Porcelain “Wood”

A new competitor that closely resembles wood, Gurowitz saysporcelain wood offers advantages: indestructibility, varied colors, “graining” that mimics old wood, wide and long lengths, quickness in installation, and no maintenance. “You can spill red wine on it and nothing happens; if there’s a leak in an apartment above, it won’t be destroyed,” he says. Average prices run an affordable $3.50 to $8 a square foot. The biggest downside? It doesn’t feel like wood since it’s colder to the touch, Lynn says.

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Bottom line: When home owners are making a choice or comparing floors, they should ask these questions:

1. Do you want engineered or solid-based floors, depending on your home’s conditions?

2. Do you want a floor with more natural character, or less?

3. What board width do you want?

4. How critical is length to you in reducing the overall number of seams?

5. What color range do you want — light, medium, or dark?

6. Do you want more aggressive graining like oak or a mellower grain like walnut?

7. Do you want flooring prefinished or unfinished?

8. How thick is the wear layer in the floor you’re considering, which will affect your ability to refinish it over time?

9. What type of finish are you going to use? Can it be refinished and, if so, how?

10. For wider planks that provide greater stability: Where is the wood coming from, how is it dried, what is its moisture content, and what type of substrate is used in the engineered platform?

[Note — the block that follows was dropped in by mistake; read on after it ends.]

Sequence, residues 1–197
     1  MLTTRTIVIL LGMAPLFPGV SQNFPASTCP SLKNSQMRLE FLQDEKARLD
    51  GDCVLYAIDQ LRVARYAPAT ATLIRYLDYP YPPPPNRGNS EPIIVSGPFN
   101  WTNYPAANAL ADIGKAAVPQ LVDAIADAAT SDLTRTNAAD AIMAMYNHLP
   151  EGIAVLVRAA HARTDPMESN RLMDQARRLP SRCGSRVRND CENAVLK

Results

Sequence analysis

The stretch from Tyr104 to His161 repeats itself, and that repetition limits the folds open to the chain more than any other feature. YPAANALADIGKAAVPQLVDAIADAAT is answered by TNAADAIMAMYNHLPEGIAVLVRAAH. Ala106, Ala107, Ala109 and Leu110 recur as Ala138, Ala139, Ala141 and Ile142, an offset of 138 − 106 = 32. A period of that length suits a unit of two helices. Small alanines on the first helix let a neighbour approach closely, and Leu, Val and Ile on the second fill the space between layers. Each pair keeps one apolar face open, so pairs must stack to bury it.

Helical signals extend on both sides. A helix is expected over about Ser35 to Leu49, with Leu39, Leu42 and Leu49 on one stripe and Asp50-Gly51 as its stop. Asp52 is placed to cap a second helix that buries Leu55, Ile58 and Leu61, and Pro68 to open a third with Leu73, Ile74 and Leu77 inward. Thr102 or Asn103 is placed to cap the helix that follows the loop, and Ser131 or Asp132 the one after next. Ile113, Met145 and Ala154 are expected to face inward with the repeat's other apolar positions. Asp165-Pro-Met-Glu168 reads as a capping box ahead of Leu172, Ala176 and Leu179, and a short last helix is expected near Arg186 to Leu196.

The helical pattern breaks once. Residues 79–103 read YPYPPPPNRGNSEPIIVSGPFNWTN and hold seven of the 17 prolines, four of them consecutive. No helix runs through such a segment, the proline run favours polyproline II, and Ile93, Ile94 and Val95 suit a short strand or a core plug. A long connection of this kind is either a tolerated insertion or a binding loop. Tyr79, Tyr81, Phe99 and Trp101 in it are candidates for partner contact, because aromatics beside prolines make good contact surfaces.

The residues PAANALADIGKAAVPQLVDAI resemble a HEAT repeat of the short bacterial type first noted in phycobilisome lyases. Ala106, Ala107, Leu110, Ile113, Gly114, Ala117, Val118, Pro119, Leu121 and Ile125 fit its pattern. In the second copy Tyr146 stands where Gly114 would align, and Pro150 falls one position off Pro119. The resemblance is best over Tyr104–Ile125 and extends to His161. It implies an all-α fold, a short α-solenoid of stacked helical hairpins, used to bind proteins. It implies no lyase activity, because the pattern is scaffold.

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SOURCE: REALTOR Magazine

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The Federal Housing Administration plans to raise its mortgage fees in 2013 in order to help avoid a taxpayer bailout, the Obama administration announced on Friday, November 16, 2012. (more…)

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Mortgage rates held steady for the most part the week ending October 11, 2012, remaining near all-time record lows set the previous week, Freddie Mac reported in its weekly market survey.
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American people favor home ownership over renting.

The U.S. home ownership rate continues to remain around 65.5 percent, the U.S. Census Bureau reported in October 2012. The home ownership rate is nearly the same as it was in the second quarter of 2011 at 65.9 percent.

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30-year Fixed-Rate loans are at historically low interest rates. However, some home buyers and home owners choose adjustable-rate mortgages, or ARMs.


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Lets look at the risks and rewards of using ARM mortgage: 

REWARDS: